SEARCH 2000 Games

September 25, 2000
PROFILE: Anne Montminy
Anne's swan song
Montminy grabs bronze in final games as Chinese falter

By JIM KERNAGHAN -- London Free Press

SYDNEY -- Amid tears and Biblical recitations and a lot of other stuff not normally associated with plunging head-first into a swimming pool, an important statement was made early yesterday at the Olympic diving pool.

The Chinese dynasty in women's platform diving is over and coaches the world over have reason for hope.

Okay, so it wasn't the end of the Ming Dynasty, but the Olympic champion in the 10-metre event is not Chinese for the first time since the 1980 Moscow Games.

Laura Wilkinson of the U.S. and Canadian Anne Montminy helped knock down what has been the great wall of Chinese sports.

"It tells you everybody is human and if you decide to go to work and keep on working, good things will happen," Canadian diving coach Mitch Geller said. "Nobody gets a bye."

Wilkinson, with a little bible passage prior to each attempt, hit with a sparkling fourth dive of the five-dive final while everyone else was average. It was enough to put her less than two points ahead of China's Li Na, 543.75 to 542.01 for the Americans' first gold medal in the event since 1964.

Montminy of Pointe-Claire, Que., overcame nerves to win the bronze with 540.15 points.

More than the excitement was a major shift in the world order of diving. After the preliminaries and compulsories at this one, it looked like a one-two finish for the Chinese.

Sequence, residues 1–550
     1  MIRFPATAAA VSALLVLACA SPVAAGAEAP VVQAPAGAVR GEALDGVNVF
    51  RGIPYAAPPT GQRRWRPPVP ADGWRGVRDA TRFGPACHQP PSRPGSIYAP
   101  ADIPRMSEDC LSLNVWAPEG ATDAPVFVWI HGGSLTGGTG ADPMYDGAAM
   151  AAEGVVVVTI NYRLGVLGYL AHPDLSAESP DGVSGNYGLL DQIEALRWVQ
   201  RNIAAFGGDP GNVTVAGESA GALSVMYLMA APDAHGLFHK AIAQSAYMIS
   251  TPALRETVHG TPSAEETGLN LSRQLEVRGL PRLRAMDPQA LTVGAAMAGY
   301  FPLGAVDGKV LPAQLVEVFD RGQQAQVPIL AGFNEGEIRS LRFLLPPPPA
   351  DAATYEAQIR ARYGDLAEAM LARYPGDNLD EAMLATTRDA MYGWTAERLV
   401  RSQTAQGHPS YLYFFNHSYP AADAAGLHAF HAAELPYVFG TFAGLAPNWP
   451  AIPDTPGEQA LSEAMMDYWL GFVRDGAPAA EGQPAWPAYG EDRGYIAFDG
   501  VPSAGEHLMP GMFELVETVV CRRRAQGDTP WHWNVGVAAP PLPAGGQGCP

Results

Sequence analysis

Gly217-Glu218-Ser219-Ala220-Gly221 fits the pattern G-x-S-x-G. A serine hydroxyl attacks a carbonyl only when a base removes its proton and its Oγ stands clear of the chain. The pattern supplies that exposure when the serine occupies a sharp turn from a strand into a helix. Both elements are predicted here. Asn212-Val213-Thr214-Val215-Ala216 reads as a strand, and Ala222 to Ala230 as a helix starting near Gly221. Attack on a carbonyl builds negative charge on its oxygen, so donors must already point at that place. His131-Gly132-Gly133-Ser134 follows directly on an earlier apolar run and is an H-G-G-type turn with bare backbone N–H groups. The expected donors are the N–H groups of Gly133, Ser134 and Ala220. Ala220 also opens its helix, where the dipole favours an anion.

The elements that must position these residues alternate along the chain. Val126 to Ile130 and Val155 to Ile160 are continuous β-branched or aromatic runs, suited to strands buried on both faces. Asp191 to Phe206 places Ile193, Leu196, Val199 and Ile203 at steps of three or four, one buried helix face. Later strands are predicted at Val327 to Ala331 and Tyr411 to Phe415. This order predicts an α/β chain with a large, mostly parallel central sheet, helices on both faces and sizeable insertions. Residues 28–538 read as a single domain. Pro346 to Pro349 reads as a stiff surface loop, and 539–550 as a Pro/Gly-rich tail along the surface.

But the North American connection knocked Sang Xue into fourth place.

For Montminy, it was a stylish way to go out after three Olympics. The law-school graduate, whose nerves got the best of her in Atlanta four years ago, will begin articling shortly.

"Yeah, I was very nervous before the event," said Montminy, the first Canadian to win a 10-metre diving medal.

"I was afraid my body wouldn't do what I told it to. This whole Olympic experience is a culmination of all my efforts. I felt I rose to the occasion."

Getting her to rise, Geller said, required that he turn up the pressure and harness it.

"I know that's the reverse of many coaches, but my idea is to keep the pressure on," he said. "Why pretend it isn't there? Get them used to it."

Geller regularly reminded his divers -- including Emilie Heymans of Montreal, who finished fifth -- that a lot of people would be watching at home on TV.

"Anne needs to be edgy and if it's not there, I create it," Geller said. "She doesn't agree, but I've seen it for years now, if there isn't pressure she finds way to create it for herself."

Montminy quit after her disappointment at Atlanta Olympics four years ago. But after watching some diving, she asked Geller if he felt she could still do it.

"She's not blessed with great physical ability, her strength is her ability to work hard," he said. "It was a great way to cap off a career, to put some ghosts to bed." ON THE PODIUM



Laura Wilkinson, UNITED STATES




Anne Montminy, CANADA
Anne Montminy in the news
Silver soothes scars
Hey, a medal's a medal
Canadians win silver in synchronized diving
Montgomery in pictures
Smiling for bronze
Flying the flag
Kiss for Bronze
Time to rest
Diving in Sydney
Flipping through the air
A great leap
Winning bronze
Olympic diving trials